Posts Tagged ‘Peterson Tuners’

Took a break for a few days to take my son to college and a couple of days ago, I received a press release from Peterson Tuners that I tucked away for later review. Now that I’m back and settled in, I had some time this morning to catch up on emails. Normally, I take press releases with a grain of salt, but this one in particular caught my attention; not because it was from Peterson, but because instead of touting a tuner, they were touting a pedal. And not just a wah pedal, but a wah that combines both a low-pass AND a band-pass filter, which you can adjust independently to get all sorts of sounds. Very intriguing to me.

As opposed to getting into a lot of detail here, here are some links that Peterson provided:

Product page: http://www.petersontuners.com/index.cfm?category=195
Sonuus Site: http://www.sonuus.com/products_wahoo.html
Video and sound demos: http://www.sonuus.com/products_wahoo_demo.html

Now this seems like something I could use, and from what I can tell from the sound clips, it produces some very nice tones. I especially like the fact that it doesn’t use a potentiometer that will wear out over time. So that’s a huge bonus. But I’d really like to try it out first. At $349, it’s definitely an investment; mind you, I’m not saying it’s not worth it, but at that price, I’d really have to be sure. I know… bit of a change for me when I see something that’s really exciting to me, which this is, but I’m being a lot more careful now as I’ve kind of reached a saturation point with gear, and have actually been shedding pieces the last few months. But the first chance I get, I will be checking this out!

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Peter Frampton's BoardI was perusing The Gear Page this morning, and came across a post about Peter Frampton’s pedal board. Cool stuff on the board! But the pedal that really caught my eye was the pedal in the top-right corner: A Creation Audio Labs Mk.4.23 Clean Boost. Ever since I got one, it has never left my board. In fact, it’s one of the only pedals I have besides my trusty Boss TU-2 that hasn’t been rotated. Here’s my original review of the pedal.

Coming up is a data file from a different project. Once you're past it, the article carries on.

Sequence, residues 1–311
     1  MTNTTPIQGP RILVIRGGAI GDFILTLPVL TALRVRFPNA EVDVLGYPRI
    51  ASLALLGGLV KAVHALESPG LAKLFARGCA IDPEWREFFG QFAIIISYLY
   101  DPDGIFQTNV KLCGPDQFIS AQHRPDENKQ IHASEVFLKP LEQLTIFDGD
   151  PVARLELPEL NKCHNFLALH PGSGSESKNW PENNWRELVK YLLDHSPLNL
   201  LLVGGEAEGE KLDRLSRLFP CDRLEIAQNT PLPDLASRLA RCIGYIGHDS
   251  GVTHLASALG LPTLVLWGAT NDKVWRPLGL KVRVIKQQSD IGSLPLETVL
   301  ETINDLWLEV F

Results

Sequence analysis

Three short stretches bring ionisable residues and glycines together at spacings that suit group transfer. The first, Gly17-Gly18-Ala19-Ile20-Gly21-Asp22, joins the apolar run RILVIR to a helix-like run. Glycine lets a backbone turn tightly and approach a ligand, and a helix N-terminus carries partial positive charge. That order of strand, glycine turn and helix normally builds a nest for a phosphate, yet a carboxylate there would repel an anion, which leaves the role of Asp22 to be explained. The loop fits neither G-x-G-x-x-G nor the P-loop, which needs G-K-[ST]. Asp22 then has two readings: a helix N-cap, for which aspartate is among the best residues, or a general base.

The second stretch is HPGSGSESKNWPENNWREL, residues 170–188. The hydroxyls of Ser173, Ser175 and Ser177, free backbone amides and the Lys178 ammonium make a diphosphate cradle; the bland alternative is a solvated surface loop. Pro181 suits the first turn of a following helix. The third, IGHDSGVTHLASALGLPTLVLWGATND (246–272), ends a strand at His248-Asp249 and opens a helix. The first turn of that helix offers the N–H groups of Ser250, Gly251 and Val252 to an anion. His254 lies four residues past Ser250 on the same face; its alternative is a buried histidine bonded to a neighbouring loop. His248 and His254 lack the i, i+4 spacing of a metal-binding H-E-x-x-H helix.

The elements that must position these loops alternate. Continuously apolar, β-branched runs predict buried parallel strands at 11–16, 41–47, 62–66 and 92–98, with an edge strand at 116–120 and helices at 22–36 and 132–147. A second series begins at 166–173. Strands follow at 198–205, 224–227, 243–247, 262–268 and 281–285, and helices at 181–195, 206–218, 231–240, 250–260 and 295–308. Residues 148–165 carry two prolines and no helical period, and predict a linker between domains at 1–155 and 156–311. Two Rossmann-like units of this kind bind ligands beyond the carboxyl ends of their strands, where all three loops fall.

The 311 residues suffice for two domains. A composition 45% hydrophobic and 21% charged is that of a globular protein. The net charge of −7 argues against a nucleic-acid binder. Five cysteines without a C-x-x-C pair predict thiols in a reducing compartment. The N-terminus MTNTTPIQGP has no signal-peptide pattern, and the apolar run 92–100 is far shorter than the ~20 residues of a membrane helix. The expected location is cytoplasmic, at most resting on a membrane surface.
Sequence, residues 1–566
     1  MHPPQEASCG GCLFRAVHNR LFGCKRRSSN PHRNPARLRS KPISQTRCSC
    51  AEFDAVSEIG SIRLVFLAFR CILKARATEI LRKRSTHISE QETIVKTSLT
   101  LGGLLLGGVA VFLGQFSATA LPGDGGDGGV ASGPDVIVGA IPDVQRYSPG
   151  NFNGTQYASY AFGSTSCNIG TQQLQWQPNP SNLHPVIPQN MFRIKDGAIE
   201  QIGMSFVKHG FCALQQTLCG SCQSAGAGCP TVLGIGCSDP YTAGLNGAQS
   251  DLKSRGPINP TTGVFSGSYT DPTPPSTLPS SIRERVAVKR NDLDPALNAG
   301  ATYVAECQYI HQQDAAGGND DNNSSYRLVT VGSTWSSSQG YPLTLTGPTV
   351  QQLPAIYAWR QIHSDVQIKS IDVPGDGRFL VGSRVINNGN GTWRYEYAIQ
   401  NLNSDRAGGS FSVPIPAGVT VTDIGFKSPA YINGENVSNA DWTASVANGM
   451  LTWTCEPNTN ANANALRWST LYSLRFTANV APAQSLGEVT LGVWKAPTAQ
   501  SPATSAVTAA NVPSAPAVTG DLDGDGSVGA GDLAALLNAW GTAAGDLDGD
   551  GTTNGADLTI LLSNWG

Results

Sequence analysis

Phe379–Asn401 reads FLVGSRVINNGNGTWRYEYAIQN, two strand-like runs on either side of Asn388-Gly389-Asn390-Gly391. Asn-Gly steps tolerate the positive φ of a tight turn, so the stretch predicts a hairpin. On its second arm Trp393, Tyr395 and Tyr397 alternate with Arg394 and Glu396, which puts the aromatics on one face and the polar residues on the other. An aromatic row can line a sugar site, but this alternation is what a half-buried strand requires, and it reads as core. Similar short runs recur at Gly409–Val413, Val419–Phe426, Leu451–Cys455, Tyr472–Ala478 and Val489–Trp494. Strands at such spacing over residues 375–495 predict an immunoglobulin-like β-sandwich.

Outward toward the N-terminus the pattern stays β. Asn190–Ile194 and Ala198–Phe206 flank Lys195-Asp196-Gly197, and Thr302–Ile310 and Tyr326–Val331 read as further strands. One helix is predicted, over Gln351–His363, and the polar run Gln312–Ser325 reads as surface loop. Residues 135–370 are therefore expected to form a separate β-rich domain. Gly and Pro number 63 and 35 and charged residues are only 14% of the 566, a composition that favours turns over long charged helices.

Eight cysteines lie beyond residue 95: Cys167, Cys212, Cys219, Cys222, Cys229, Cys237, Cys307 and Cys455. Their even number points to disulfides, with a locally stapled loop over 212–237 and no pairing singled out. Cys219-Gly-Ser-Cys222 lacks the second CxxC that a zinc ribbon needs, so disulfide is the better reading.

Circling back, of course, this is probably not his touring board. Further in the post he is quoted as saying that this is a board that he could “grab and go jam at your house.” Wouldn’t that be cool to have a buddy like Peter Frampton call up and say, “Hey mate, wanna jam? I’ll come over.”

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5 Tone Bones - Gear has stellar performance, value, and quality. This is definitely top of the class, best of breed, and it's a no-brainer to add this to your gear lineup!
Peterson VS-R StroboRack

Summary: Super-accurate, super-sophisticated, yet super-easy-to-use. With point-one cent accuracy and built-in temperament and sweeteners, plus a huge display, accurate tuning is a breeze with this unit!

Pros: The big display makes tuning extremely easy, and the built-in sweeteners (I’ll get into that in a bit) ensure that once you’re tuned you sound great.

Cons: None, at least from the standpoint of features and capabilities. But as I’m not really a rackmount guy, lugging this around would mean having to get an enclosure. But in the studio, IT IS THE BOMB!!!


  • 0.1 Cent Accuracy
  • Large, Backlit Virtual Strobe™ Display
  • Exclusive Sweetened™ Tunings For Electric Guitar, Acoustic Guitar, Bass, Dobro®, Baritone, Steel Guitar, Electric Violin- total of 34
  • Buzz Feiten Tuning System® Presets
  • 8 User-Programmable Sweeteners
  • 25 Presets
  • Built-In Mic
  • Mute Button & Remote Jack
  • Tone Out Jack
  • All Metal Construction
  • Neutrik® Jacks
  • 12V BNC Output For Gooseneck Light (not included)
  • Built-In Power Supply (No Wall Wart.)

Price: $359 (street)